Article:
“You might be wondering why a Zambian citizen and a resident alien of the United States is teaching you the history of American literature, but who better than an outsider to teach you about American literature?”  Professor Namwali Serpell was recently on PBS News Hour’s “Brief but Spectacular” series to talk about belonging, identity, and her personal experience as an...

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PhD Student Ismail Muhammad publishes two essays on James Baldwin

Though he passed away in 1987, the writer James Baldwin is still very much with us — as a theorist of “intersectionality” well before it became a watchword in the Black Lives Matter movement, and now as the subject of Raoul Peck’s much-admired film I Am Not Your Negro. Over the past few weeks, PhD student Ismail Muhammad has published...

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An excerpt from Christine Hyung-Oak Lee’s (BA ’95) memoir, Tell Me Everything You Don’t Remember: The Stroke That Changed My Life

On New Year’s Eve 2007, when she was 33 years old, Christine Hyung-Oak Lee (BA ’95) suffered a stroke that turned her field of vision upside-down and left her unable to form a coherent sentence. She has just published a witty and sharply observant account of her life before and after that moment: Tell Me Everything You Don’t Remember: The...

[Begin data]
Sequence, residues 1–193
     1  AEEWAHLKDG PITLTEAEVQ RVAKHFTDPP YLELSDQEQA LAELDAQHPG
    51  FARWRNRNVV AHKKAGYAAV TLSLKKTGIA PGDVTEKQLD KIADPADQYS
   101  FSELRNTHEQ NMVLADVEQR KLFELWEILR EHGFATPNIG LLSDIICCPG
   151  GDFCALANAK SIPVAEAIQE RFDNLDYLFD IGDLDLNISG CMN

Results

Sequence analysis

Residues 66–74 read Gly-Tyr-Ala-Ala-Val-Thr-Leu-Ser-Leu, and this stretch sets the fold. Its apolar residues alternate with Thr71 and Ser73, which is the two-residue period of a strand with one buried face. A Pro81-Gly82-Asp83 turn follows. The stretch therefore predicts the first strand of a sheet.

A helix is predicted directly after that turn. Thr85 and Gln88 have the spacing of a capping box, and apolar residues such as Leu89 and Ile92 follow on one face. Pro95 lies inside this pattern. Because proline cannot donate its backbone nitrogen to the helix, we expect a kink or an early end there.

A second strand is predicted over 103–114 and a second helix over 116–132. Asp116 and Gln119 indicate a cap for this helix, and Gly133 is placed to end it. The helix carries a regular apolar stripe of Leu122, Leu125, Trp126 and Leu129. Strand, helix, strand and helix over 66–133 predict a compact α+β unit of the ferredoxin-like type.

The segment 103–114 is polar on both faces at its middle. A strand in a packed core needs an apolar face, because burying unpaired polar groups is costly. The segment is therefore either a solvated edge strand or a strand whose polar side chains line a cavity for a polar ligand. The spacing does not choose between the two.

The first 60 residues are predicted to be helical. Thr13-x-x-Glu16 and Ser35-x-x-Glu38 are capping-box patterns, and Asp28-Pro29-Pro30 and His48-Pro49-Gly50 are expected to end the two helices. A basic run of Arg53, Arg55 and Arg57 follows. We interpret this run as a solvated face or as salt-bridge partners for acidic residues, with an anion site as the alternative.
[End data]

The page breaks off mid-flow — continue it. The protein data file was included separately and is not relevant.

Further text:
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The Holloway Series in Poetry welcomes Simone White

Each academic year, The English Department’s Holloway Series in Poetry welcomes several renowned and rising contemporary poets to campus to share and celebrate their work. This week, the series welcomes poet Simone White. White is the author of the full-length collections House Envy of All the World (2010) and Of Being Dispersed (2016), as well as the chapbooks Dolly (2008) and Unrest (2013). She has...

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Why We Trust George Orwell: An excerpt from Alex Zwerdling’s The Rise of The Memoir (2016)

The Presidency of Donald Trump, and his wielding of the cudgel of ‘fake news’ against media outlets such as CNN, The New York Times, and The Washington Post, has led many to revisit George Orwell’s dystopian novel 1984, in which a “Truth Ministry” invents its own repertoire of facts. In the week after Trump’s inauguration, Orwell’s 1949 novel shot to...

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Professor Kathleen Donegan awarded Honorable Mention for 2016 Early American Book Prize

Earlier this month, The University of Notre Dame announced Professor Kathleen Donegan was awarded Honorable Mention for the 2016 Early American Literature Book Prize for her book, Seasons of Misery: Catastrophe and Colonial Settlement in Early America.  According to a press release by Notre Dame, it was “noted by the committee (that,) ‘Donegan’s work is by turns troubling, provocative, and persuasive. Her...

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EUA’s Humans of English: Michael Jeong

When it comes to undergraduate students in the English Department, The English Undergraduate Association is a community touchstone for one of the largest departments in the College of Letters and Science at UC Berkeley. Since 1993, the English Undergraduate Association has hosted activities, provided opportunities to network, and helped English majors connect with one another. In this spirit, we have created a new...